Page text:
• Create a new National Infrastructure and Service Transformation Authority.
  • The creation of a new passenger watchdog.
  • New roles for mayors to design rail services in their areas.
  • A duty to promote and grow the use of rail freight.

Other key policy announcements include:

  • Labour plans to merge NIC and IPA into a ‘powerful’ new infrastructure delivery body.


Key Legislation

Key legislation pertinent to the rail industry is expected to be introduced in the first 100 days.

  • Updating the National Policy Planning Framework: Labour plan to amend the National Planning Policy Framework (NPPF) and the list of nationally significant infrastructure investments.
  • Introduce a Race Equality Act: Labour has promised this act will impose a duty on public bodies, to collect and report data on staffing, pay and outcomes by ethnicity.
  • Legislation to Implement a New Deal for Working People: The party has described this as the biggest upgrade to workers’ rights in a generation.


Changes to key rail policymakers and new ministers 

Louise Haigh – New Secretary of State for Transport

Louise Haigh was elected as the Labour MP for Sheffield Heeley in 2015. Haigh became the Shadow Secretary of State for Transport in November 2021. Before this, she served in the Shadow Cabinet as the Shadow Secretary of State for Northern Ireland from 2020 to 2021.

From 2017 to 2020, she was the Shadow Minister for Policing under Jeremy Corbyn’s leadership.

Born in 1987, Haigh attended Sheffield High School and the University of Nottingham. Before her election to Parliament, she worked as a youth worker and union official with Unite. The new Secretary of State is on the soft left of the Labour Party.

Stephen Morgan MP – New Minister of State for Rail (TBC)

Stephen Morgan has been the Labour MP for Portsmouth South since 2017. Before Parliament, he worked in local government and the nonprofit sector.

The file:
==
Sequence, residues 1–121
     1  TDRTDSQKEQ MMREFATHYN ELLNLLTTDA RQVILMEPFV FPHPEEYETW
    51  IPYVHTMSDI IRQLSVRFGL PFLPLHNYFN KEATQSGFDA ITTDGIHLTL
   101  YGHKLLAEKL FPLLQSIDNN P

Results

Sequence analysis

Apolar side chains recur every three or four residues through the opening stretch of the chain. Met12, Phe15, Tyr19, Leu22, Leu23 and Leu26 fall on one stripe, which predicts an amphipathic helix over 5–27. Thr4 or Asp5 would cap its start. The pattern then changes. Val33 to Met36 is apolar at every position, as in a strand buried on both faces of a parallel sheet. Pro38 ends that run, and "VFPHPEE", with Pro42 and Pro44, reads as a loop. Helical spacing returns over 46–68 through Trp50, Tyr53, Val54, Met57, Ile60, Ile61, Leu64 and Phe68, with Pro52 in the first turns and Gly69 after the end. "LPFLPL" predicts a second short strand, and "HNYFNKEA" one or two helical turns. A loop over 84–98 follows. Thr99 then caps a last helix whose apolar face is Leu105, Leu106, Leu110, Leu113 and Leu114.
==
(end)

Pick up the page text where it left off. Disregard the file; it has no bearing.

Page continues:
Morgan has served in several Shadow Minister positions for Local Government, Armed Forces and Schools. As of September 2023, he is the Shadow Minister of State for Rail. While Stephen Morgan is expected to be appointed Rail Minister, the appointment has not been made at the time of writing.


Changes to other Stakeholders

This election has also significantly changed the makeup of key policymakers. We already knew of some prominent figures standing down, such as former Rail Minister Huw Merriman, but this election result has given birth to further change. Several MPs active on rail have lost their seats, including the most recent chair of the Transport Select Committee, Iain Stewart, and committee members Chris Loder and Jack Brereton. Former Transport Secretaries Mark Harper and Grant Shapps have also lost their seats. Martin Vickers, Chair of the Rail APPG, has held his seat.

There are also changes to key skills policymakers – both the skills minister and education secretary have lost their seats, as has Apprenticeships APPG chair Jonathan Gullis. Skills APPG Chair, Sir John Hayes MP, has kept his seat, as has FE APPG chair, Peter Aldous.

There are some additions to the House. Blair-era minister Jacqui Smith has returned as an education minister, having previously held various skills, industry and education-focused ministerial roles. Former Transport Secretary Douglas Alexander has also returned as a junior minister in the Department for Business and Trade.